There’s so much talk about digital these days, you might think traditional (paper) direct mail just crawled away into a corner and died. But, like radio after TV came along, paper DM is still here. If my letterbox and workload are anything to go by, there’s still plenty of DM landing on Britain’s doormats.
I recently received the two pieces shown below, from marketers who I’ve no relationship with. The pieces represent different ends of the creative spectrum, or opposing approaches to selling. And they graphically illustrate the importance of first impressions.
The first, a mail pack from Barclaycard, is, in my view, a total waste of money. It’s just a standard envelope with a window and a logo. No outer copy, just a message on the back asking me to recycle the envelope and its contents. Which is what I would normally do straight away, without first looking inside.
Why, Barclaycard, should I open your pack?
Barclaycard isn’t the only big-name marketer to do this. Virgin Media and others have also sent me similar acquisition packs in the past year. Packs with extremely ordinary outer envelopes, without any enticement to open them.
Why do they do this? Unless there’s an appealing offer, a teasing line, or something intriguing in the feel of the pack, such as a bulky shape hidden inside, people aren’t going to open these packs, are they?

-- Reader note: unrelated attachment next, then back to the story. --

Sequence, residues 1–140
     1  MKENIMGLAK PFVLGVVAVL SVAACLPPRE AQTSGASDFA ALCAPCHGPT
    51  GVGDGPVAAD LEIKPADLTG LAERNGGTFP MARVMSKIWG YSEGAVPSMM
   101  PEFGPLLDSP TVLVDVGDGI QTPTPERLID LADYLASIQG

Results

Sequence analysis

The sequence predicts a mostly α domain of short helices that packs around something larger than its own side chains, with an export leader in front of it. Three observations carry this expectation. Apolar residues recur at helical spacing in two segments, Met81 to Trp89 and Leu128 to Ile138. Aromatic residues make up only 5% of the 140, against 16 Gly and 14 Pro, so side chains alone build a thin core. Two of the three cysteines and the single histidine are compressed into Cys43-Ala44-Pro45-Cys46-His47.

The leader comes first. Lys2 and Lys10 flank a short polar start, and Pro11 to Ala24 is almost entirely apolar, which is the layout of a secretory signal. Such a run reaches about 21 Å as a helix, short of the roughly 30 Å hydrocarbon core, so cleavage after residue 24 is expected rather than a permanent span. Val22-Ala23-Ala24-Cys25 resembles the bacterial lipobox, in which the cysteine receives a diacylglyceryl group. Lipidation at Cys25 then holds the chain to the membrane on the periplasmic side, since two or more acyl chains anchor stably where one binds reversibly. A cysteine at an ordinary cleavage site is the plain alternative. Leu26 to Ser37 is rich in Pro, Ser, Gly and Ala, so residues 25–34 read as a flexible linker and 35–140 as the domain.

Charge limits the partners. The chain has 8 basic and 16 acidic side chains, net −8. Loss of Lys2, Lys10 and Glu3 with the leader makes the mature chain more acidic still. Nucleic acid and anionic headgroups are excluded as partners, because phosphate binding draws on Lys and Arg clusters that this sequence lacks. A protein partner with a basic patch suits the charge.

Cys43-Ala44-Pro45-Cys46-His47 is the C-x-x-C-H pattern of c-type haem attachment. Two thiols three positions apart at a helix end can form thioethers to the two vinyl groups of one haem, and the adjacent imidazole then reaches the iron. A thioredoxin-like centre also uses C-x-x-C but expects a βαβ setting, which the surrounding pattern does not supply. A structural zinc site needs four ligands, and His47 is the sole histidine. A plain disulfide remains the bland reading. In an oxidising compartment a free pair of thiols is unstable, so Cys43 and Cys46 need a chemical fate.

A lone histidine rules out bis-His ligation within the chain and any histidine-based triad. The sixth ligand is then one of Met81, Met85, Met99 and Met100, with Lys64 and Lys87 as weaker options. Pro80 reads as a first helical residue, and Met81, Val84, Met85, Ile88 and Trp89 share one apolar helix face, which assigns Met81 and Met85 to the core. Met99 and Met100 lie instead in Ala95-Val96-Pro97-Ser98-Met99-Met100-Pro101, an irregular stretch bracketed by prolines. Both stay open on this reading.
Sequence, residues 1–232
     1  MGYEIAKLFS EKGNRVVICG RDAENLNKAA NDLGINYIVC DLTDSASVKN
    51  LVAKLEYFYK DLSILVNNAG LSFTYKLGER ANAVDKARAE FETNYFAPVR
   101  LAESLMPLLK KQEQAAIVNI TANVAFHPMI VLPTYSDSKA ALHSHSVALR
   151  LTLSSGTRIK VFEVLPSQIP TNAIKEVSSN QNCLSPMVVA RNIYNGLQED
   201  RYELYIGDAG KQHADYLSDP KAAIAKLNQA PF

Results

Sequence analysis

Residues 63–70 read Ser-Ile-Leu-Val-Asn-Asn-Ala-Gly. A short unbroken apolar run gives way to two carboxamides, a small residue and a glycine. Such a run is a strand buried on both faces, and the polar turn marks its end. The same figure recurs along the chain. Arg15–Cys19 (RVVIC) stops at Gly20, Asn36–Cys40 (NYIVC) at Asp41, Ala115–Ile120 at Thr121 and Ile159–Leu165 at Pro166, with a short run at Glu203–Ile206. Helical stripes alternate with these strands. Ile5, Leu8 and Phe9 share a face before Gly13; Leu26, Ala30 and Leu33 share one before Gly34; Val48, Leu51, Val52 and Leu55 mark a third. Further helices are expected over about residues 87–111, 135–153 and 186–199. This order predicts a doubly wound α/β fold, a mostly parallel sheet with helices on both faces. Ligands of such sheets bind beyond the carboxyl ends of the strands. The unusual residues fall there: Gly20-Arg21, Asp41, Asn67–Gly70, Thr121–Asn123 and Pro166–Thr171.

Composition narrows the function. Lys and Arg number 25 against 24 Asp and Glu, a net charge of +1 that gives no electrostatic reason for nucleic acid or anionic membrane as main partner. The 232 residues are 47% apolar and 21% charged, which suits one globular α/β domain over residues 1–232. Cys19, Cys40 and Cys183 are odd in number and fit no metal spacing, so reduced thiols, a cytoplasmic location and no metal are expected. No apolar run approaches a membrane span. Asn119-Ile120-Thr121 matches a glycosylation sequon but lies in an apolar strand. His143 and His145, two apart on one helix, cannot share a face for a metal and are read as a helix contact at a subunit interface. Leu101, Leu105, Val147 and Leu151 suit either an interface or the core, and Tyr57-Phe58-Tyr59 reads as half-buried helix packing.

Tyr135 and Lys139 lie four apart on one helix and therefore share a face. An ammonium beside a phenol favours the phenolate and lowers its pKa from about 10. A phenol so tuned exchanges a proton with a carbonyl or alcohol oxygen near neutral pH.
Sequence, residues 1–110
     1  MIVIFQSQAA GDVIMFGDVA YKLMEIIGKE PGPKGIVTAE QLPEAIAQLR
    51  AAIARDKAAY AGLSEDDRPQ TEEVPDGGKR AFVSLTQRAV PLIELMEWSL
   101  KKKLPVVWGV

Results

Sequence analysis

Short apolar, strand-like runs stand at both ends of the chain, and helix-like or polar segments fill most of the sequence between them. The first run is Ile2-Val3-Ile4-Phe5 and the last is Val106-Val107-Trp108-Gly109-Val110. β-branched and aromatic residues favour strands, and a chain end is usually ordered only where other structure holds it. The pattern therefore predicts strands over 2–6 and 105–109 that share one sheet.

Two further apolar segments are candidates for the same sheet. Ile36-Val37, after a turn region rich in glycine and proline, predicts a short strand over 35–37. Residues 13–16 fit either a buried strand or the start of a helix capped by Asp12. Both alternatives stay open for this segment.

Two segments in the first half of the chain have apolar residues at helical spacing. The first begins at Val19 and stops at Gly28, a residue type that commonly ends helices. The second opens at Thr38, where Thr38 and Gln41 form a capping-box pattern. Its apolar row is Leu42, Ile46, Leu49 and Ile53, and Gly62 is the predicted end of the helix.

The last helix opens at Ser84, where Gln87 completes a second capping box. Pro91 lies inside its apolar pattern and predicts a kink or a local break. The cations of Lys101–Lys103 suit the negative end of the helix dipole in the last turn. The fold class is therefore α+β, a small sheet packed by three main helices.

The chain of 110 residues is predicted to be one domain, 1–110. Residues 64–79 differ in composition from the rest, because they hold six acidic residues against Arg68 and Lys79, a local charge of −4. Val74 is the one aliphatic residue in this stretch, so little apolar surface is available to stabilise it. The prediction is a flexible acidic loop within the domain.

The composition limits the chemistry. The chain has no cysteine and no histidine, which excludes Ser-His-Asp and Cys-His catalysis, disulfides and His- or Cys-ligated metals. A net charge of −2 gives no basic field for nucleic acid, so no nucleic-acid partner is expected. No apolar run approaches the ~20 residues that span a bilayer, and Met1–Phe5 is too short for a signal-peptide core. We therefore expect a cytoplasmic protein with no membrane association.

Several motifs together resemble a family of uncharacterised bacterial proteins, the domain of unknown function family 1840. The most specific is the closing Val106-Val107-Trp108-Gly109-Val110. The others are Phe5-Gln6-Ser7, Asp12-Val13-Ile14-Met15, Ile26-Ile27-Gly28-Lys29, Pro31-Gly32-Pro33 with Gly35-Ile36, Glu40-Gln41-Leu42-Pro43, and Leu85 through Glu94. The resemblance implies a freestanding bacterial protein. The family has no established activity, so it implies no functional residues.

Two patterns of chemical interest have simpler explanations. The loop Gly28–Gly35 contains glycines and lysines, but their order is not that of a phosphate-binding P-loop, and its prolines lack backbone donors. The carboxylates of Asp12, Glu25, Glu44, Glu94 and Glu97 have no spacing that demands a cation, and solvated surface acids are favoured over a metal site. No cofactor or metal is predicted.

Can you imagine an email marketer sending you an email without a subject line? Would you open it? I wouldn’t.
How to warm up a cold direct mail piece (Well done, Bupa)
Fortunately Bupa’s marketer seems to know what they’re doing. They clearly want my business. They get my attention by surprising me with a coffee cup-shaped mailer. But is it relevant? On the verge of dismissing it as a gimmick, I read the message on the outer. Under a Bupa logo it says:
HEALTH INSURANCE THAT COULD COST LESS THAN YOUR DAILY CUP OF COFFEE
In an instant, I’m hooked. A high quality health insurance brand has given me a clear idea of how affordable it is. Bupa has turned a bit of card from junk mail into something of value. And it’s done that before I’ve even opened the piece. And even if I don’t open it, a memorable idea about Bupa’s value has been planted in my brain.
There’s a basic lesson here. If you want your cold mailing to be effective, start with the outside and make people want to look inside.